How suicidal veterans can get help

A news story posted in the Green Bay Press Gazette from Christopher McNulty discusses a report that was made about veteran suicide statistics sourced by the Associated Press. The report did not discuss resources for veterans seeking help so Mr McNulty took it upon himself to spread the word in regards to the options many veterans have available to them. To read the original post, click this link to the Green Bay Press Gazette.

GREEN BAY — Watching the news on Jan. 10, I saw a set of statistics of veteran suicides (source was cited as The Associated Press). I was concerned as the report did not provide any resources for veterans. It was brought to my attention by other veterans that this also disturbed them that there were no resources presented in the report.

Myself and many of these other veterans are and have been affected by our service in the military. As for me I could have been part of these statistics also. I served 21 years in the military. In 2011 I attempted suicide. Since then I have received treatment and care for post-traumatic stress disorder, depression, anxiety and other conditions through the following organizations: Department of Veterans Affairs, Vet Centers, and Artist for the Humanities, Healing Warrior Hearts, and Veterans Treatment Court. Public service announcements are available at,,,,,, and many more.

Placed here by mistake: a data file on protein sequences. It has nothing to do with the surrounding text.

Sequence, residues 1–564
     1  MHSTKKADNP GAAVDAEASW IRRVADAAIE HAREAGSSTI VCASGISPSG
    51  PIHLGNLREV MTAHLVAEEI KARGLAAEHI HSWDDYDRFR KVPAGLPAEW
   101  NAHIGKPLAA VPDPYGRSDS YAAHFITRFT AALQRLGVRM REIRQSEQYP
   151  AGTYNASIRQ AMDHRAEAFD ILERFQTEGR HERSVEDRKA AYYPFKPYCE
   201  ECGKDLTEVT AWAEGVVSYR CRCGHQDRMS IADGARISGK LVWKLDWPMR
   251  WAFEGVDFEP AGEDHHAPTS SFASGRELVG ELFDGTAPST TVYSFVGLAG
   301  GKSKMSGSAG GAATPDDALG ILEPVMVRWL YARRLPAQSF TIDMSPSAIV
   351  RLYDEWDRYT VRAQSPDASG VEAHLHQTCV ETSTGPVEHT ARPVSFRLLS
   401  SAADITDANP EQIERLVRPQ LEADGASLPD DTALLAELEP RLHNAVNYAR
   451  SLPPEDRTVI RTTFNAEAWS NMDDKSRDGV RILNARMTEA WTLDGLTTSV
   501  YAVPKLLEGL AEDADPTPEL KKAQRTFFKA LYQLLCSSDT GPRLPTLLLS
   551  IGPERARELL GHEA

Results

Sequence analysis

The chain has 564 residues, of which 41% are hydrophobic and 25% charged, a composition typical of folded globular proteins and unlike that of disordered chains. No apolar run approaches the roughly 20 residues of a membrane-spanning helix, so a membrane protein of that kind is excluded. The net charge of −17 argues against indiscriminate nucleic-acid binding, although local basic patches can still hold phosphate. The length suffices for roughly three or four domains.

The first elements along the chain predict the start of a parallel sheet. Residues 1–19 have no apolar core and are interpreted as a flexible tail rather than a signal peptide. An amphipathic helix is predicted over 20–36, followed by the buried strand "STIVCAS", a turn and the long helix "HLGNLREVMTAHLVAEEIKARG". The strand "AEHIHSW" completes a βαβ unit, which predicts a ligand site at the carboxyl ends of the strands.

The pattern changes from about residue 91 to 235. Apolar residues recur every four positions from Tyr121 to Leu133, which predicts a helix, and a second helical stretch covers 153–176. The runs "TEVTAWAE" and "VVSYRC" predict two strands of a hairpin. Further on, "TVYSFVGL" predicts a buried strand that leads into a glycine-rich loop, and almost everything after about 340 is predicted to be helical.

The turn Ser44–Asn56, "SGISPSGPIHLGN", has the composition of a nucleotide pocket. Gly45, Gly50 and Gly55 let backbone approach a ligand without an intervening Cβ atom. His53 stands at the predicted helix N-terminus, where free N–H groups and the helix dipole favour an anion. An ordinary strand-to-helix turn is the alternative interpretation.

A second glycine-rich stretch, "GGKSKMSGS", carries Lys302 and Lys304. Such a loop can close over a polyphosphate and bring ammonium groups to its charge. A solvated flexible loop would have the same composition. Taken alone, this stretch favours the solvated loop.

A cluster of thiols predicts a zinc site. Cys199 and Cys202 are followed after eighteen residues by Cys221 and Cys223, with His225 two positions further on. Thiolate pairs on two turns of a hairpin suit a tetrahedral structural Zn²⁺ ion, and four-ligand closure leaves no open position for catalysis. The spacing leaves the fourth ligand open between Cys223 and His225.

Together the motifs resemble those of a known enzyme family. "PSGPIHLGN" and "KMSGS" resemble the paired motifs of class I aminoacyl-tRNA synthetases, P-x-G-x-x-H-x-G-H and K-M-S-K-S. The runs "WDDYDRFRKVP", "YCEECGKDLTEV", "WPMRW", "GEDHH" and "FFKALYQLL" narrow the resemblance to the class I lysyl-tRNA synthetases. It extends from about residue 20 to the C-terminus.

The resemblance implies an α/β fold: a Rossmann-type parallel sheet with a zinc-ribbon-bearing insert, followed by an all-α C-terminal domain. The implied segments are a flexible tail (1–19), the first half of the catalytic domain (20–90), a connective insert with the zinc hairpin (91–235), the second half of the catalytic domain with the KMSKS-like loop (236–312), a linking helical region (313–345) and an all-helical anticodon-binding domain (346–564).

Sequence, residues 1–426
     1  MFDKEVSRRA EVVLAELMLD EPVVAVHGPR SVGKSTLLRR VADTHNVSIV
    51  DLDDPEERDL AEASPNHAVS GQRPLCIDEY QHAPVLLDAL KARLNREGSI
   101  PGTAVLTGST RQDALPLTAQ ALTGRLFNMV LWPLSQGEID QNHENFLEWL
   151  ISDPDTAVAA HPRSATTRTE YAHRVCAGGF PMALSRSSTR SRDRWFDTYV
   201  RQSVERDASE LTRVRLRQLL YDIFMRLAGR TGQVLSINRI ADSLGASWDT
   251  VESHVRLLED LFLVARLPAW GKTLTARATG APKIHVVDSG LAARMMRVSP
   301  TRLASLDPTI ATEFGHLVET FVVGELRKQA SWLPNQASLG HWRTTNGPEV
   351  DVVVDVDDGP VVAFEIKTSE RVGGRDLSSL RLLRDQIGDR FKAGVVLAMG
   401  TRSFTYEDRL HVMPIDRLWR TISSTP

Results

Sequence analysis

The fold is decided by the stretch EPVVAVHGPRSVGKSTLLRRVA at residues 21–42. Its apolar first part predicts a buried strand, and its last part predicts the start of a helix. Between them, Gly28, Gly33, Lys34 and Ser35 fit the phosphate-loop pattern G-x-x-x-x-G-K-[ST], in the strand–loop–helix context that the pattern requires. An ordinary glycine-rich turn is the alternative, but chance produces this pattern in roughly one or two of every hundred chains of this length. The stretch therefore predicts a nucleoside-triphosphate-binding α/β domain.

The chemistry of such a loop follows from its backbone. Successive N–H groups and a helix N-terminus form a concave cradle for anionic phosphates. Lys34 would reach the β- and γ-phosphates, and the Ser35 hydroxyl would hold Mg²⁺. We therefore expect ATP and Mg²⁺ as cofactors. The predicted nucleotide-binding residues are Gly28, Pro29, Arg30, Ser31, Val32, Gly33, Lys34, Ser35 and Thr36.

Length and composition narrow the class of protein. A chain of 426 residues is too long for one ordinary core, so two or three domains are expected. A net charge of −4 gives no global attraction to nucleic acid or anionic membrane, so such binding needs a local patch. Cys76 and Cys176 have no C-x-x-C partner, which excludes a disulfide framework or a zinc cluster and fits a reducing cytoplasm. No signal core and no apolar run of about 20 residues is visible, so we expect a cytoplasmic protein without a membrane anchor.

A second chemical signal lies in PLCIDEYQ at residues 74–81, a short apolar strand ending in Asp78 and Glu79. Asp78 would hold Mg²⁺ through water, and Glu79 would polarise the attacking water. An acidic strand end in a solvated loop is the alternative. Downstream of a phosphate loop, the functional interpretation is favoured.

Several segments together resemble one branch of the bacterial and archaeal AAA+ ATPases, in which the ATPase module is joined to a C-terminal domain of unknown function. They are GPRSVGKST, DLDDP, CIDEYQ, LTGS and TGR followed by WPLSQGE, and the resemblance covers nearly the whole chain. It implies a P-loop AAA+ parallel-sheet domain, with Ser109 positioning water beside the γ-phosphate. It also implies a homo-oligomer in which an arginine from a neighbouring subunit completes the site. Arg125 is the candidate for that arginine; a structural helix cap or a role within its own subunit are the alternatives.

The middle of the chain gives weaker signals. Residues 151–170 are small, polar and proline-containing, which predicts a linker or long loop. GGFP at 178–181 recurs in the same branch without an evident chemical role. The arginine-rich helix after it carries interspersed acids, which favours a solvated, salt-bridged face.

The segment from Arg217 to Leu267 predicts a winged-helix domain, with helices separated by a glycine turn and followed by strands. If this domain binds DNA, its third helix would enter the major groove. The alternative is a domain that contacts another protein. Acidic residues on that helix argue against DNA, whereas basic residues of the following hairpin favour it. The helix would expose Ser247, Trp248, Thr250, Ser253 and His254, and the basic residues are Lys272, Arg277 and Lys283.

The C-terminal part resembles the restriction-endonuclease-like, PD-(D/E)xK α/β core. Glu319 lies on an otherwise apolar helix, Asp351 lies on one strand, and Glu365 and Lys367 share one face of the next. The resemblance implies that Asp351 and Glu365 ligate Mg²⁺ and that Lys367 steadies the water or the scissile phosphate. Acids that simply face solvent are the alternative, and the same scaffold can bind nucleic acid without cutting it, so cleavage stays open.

Phone numbers that I feel should be listed when veteran-related issues are cited: The Veterans Crisis Line 1-800-273-8255 option 1 or The Veterans Combat Call Center at 1-877-927-8387. These are provided by the Department of Veterans Affairs, and are staffed 24 hours a day.

Christopher McNulty